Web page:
At seven months pregnant, Kntrice Anadumaka did not expect to be battling COVID-19 in an ICU bed, wearing an oxygen mask and fighting for her life and the life of her baby.
"I would wake up gasping for air and experiencing that night after night," she told CBS News. "And I would sit and count my breaths because I didn't know if I would survive the night."
Anadumaka was unvaccinated.
"To be honest, this part gets me a little emotional. I felt irresponsible because I had put me and my baby at risk," she said of her decision to skip the vaccine.
Since COVID vaccines became available, few groups have been as resistant to getting the shots as pregnant women. Fears over fertility and fetal safety have persisted even though a growing body of medical evidence shows the vaccines areand have .
A recent study from Scotland found that more than 90% of pregnant people hospitalized with COVID were unvaccinated — and they facedlike premature birth, stillbirth or neonatal death soon after delivery.
Other new data shows pregnant women who are vaccinated pass protective antibodies to their fetus regardless of the trimester in which they got the shots.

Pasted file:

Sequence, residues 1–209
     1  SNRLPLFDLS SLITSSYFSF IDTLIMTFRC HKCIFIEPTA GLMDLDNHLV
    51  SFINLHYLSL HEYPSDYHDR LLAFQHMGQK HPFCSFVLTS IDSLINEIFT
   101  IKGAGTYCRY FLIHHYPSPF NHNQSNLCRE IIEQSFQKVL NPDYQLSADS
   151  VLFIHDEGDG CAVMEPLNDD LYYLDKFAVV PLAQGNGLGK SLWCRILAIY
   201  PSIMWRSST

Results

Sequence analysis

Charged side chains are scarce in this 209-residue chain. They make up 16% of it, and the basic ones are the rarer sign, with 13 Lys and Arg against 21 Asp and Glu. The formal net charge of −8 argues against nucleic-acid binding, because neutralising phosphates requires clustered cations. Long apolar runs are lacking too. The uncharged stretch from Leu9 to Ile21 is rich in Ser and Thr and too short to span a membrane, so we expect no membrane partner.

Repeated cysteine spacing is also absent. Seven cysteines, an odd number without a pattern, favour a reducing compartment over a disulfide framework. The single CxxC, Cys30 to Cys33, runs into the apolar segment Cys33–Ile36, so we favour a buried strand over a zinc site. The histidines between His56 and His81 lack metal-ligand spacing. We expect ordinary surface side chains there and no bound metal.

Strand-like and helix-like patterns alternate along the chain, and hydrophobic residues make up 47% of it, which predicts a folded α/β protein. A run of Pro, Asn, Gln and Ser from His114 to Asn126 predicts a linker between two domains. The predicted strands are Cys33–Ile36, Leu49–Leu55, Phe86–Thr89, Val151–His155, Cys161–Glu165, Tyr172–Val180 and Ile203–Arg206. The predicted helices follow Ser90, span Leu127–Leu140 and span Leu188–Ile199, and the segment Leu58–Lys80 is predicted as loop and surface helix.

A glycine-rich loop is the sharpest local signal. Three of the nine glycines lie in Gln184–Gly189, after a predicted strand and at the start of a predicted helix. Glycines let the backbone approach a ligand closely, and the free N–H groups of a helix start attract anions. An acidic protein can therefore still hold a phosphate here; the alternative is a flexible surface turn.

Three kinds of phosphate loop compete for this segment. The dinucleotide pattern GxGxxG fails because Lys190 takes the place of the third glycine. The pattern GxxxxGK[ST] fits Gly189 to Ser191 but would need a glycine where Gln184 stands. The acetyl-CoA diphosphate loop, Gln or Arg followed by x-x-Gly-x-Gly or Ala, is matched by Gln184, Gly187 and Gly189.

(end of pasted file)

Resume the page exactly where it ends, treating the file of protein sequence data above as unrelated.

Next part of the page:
Dr. Emily Miller, the chief of obstetrics at Northwestern Memorial Hospital in Chicago, said the virus destroyed a large portion of Anadumaka's lungs.
"I will never forget the look of complete fear in her eyes," Miller told CBS News.
Miller has treated some unvaccinated pregnant patients with COVID who have experienced placental inflammation, which, she said, can be linked to pre-eclampsia, lower fetal growth, preterm birth and stillbirth.
"These are ultimately the clinical outcomes that are — we think there's an increased risk of in the setting of SARS-CoV-2 infection," Miller said.
During her eight-week stay in the hospital, Anadumaka did get vaccinated and gave birth to a healthy baby boy.
"Oh my God, what goes through my mind is I am so incredibly grateful," she said. "I'm so glad that I actually get to be here to mother him and love on him and raise him. And I'm just honored that we made it."